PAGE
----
'I think that is sensible because we have a lot to do. We need to have a strong team that is working as one and that is exactly what we are going to do.'
Mel Stride, chairman of the Commons Treasury Committee, said Mr Javid had little choice but to leave the Cabinet.
Who is in Boris Johnson's new-look Cabinet
Chancellor: Rishi Sunak
Foreign Secretary: Dominic Raab
Home Secretary: Priti Patel
Chancellor of the Duchy of Lancaster: Michael Gove
Justice Secretary: Robert Buckland
Defence Secretary: Ben Wallace
Health Secretary: Matt Hancock
Business Secretary: Alok Sharma
Trade Secretary: Liz Truss
Work and Pensions Secretary: Therese Coffey
Education Secretary: Gavin Williamson
Environment Secretary: George Eustice
Housing Secretary: Robert Jenrick
Transport Secretary: Grant Shapps
Culture Secretary: Oliver Dowden
International Development Secretary: Anne-Marie Trevelyan
Leader of the House of Lords: Baroness Evans of Bowes Park
Northern Ireland Secretary: Brandon Lewis
Scottish Secretary: Alister Jack
Welsh Secretary: Simon Hart
Attorney General: Suella Braverman
Chief Secretary to the Treasury: Stephen Barclay
Minister without Portfolio: Amanda Milling
Paymaster General: Penny Mordaunt
Chief Whip: Mark Spencer
The former Treasury minister told BBC Radio 4's Today programme: 'I think he, probably more by accident than design, was put into a position where it was extremely difficult for him to swallow that and move on.'
The terms offered to Mr Javid and his decision to reject them and quit were seen by many in Westminster as a power grab by Mr Cummings.
Mr Sunak was reportedly immediately put under pressure by Number 10 to tear up his predecessor's tight spending rules and allow Mr Johnson to splash the cash at the next Budget.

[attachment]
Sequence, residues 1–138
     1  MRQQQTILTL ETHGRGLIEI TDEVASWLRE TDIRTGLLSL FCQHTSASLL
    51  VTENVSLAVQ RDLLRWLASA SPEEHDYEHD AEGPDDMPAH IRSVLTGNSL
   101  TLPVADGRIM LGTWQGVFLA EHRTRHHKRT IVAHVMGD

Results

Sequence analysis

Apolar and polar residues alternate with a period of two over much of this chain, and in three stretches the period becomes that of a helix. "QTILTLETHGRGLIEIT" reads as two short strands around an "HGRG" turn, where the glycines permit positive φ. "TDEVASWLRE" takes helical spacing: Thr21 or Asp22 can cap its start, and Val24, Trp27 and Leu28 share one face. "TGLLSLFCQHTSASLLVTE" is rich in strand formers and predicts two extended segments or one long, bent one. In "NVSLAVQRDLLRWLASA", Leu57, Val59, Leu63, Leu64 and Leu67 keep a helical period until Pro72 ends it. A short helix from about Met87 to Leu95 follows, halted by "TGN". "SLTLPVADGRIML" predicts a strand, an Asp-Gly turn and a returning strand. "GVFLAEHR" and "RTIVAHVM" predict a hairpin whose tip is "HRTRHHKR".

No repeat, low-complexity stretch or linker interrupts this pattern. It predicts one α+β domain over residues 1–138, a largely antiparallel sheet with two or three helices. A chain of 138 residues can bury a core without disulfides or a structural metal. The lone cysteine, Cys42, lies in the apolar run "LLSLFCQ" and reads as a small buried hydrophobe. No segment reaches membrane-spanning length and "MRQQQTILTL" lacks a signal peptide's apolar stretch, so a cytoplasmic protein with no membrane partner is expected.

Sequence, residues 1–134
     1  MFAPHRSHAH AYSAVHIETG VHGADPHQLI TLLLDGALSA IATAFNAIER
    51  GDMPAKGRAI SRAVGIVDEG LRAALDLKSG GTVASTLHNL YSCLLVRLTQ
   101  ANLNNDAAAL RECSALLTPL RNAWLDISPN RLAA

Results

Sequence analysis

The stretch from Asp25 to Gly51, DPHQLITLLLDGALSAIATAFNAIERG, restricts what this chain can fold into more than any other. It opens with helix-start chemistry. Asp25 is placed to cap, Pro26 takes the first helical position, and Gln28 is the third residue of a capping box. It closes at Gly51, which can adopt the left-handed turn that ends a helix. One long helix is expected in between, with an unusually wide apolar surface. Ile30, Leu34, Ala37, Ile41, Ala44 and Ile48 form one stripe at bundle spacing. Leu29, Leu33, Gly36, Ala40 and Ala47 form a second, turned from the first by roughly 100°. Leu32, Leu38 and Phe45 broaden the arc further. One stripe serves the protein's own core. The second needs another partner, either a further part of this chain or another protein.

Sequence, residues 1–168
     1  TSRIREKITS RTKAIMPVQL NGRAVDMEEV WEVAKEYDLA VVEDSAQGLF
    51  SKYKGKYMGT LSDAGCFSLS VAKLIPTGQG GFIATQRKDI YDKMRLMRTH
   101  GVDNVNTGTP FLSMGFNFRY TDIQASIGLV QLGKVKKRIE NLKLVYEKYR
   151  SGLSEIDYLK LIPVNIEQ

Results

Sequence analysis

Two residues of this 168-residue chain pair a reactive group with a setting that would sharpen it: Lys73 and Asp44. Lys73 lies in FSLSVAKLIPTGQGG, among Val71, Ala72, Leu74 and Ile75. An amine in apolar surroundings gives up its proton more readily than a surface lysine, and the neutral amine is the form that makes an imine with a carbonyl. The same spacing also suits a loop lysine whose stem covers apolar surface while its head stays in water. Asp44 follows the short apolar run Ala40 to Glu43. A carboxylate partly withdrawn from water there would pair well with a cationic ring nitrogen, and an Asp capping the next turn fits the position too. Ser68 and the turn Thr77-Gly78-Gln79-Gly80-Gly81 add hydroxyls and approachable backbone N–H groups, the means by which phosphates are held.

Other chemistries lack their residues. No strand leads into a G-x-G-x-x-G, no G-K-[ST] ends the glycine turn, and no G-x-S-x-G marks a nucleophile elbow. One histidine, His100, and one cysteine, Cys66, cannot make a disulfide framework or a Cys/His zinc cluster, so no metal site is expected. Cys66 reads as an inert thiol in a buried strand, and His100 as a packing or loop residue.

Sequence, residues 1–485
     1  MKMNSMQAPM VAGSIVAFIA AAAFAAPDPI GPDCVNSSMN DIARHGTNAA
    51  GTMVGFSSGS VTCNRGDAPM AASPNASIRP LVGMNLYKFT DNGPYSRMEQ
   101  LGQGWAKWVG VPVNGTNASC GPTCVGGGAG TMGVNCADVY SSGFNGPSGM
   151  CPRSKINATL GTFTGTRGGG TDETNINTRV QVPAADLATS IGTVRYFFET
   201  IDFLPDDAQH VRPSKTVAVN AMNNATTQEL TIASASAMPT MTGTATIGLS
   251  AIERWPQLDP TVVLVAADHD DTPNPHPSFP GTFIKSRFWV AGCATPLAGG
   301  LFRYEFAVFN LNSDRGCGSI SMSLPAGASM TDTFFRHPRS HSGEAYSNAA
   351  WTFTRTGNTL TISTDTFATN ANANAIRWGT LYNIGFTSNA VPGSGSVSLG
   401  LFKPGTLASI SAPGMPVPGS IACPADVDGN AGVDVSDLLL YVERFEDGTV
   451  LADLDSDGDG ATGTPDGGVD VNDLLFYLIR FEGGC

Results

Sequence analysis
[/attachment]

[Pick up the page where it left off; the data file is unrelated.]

That Budget is scheduled to take place on March 11 but Mr Javid's departure has cast doubt on whether the fiscal address will go ahead as planned.
Downing Street also moved straight away to install some of its troops into the Treasury last night to help Mr Sunak.
That comes ahead of the creation of a 'joint' economic unit based across Number 10 and the Treasury which will make decisions, changing a power dynamic in Whitehall which has existed for decades.
Mr Javid was not the only senior minister to leave the government yesterday as Mr Johnson wielded the axe.
Julian Smith was unceremoniously dumped as Northern Ireland secretary just weeks after brokering a deal which restored the power-sharing administration at Stormont.
Andrea Leadsom was sacked as business secretary, Theresa Villiers lost her job as environment secretary and Geoffrey Cox was removed from his post as attorney general.
Esther McVey lost her role as housing minister, and the total number of women attending Cabinet fell from eight to seven - while the total number of ministers attending shrank from 32 to 26.
But there were a series of promotions for Tory MPs loyal to Mr Johnson.
Alok Sharma was promoted from international development to become the new Business Secretary and he will also be minister for the COP26 UN climate summit, which is due to take place in Glasgow in November.
Anne-Marie Trevelyan joined the Cabinet as International Development Secretary, having previously been a defence minister.
Oliver Dowden became a full Cabinet member as Culture Secretary, having previously attended the meetings as paymaster general, and George Eustice was promoted to Environment Secretary from his previous more junior role in the same department.
Brandon Lewis was appointed as Northern Ireland Secretary, while former Brexit minister Suella Braverman returned to the Government as Attorney General.
Ex-Brexit secretary Stephen Barclay has replaced Mr Sunak as Treasury Chief Secretary.
Amanda Milling was made Conservative Party chairman - a role in which she will attend Cabinet as a minister without portfolio.
Former defence secretary Penny Mordaunt will return to Government as Paymaster General in the Cabinet Office.